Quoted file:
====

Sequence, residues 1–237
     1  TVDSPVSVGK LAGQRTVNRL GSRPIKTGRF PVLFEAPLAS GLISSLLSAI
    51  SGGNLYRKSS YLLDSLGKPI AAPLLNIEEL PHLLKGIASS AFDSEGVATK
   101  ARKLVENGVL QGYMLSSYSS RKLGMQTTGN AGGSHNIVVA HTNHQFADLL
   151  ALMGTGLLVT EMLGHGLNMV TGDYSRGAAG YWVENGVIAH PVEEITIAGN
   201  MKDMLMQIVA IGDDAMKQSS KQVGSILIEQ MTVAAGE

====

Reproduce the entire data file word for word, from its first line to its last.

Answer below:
Sequence, residues 1–237
     1  TVDSPVSVGK LAGQRTVNRL GSRPIKTGRF PVLFEAPLAS GLISSLLSAI
    51  SGGNLYRKSS YLLDSLGKPI AAPLLNIEEL PHLLKGIASS AFDSEGVATK
   101  ARKLVENGVL QGYMLSSYSS RKLGMQTTGN AGGSHNIVVA HTNHQFADLL
   151  ALMGTGLLVT EMLGHGLNMV TGDYSRGAAG YWVENGVIAH PVEEITIAGN
   201  MKDMLMQIVA IGDDAMKQSS KQVGSILIEQ MTVAAGE